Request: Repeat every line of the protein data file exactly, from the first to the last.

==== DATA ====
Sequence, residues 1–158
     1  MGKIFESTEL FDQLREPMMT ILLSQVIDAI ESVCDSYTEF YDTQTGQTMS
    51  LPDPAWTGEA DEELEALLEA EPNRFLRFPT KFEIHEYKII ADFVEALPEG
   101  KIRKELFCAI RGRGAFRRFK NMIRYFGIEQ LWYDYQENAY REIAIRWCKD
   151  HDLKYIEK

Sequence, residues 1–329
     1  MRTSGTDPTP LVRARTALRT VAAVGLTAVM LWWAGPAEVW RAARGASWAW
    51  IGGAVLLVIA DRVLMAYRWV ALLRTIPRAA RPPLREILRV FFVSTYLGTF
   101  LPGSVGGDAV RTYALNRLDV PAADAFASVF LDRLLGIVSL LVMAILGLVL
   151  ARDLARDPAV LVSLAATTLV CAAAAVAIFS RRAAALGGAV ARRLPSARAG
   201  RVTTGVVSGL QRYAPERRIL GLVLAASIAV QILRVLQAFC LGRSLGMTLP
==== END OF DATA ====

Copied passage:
Sequence, residues 1–158
     1  MGKIFESTEL FDQLREPMMT ILLSQVIDAI ESVCDSYTEF YDTQTGQTMS
    51  LPDPAWTGEA DEELEALLEA EPNRFLRFPT KFEIHEYKII ADFVEALPEG
   101  KIRKELFCAI RGRGAFRRFK NMIRYFGIEQ LWYDYQENAY REIAIRWCKD
   151  HDLKYIEK

Sequence, residues 1–329
     1  MRTSGTDPTP LVRARTALRT VAAVGLTAVM LWWAGPAEVW RAARGASWAW
    51  IGGAVLLVIA DRVLMAYRWV ALLRTIPRAA RPPLREILRV FFVSTYLGTF
   101  LPGSVGGDAV RTYALNRLDV PAADAFASVF LDRLLGIVSL LVMAILGLVL
   151  ARDLARDPAV LVSLAATTLV CAAAAVAIFS RRAAALGGAV ARRLPSARAG
   201  RVTTGVVSGL QRYAPERRIL GLVLAASIAV QILRVLQAFC LGRSLGMTLP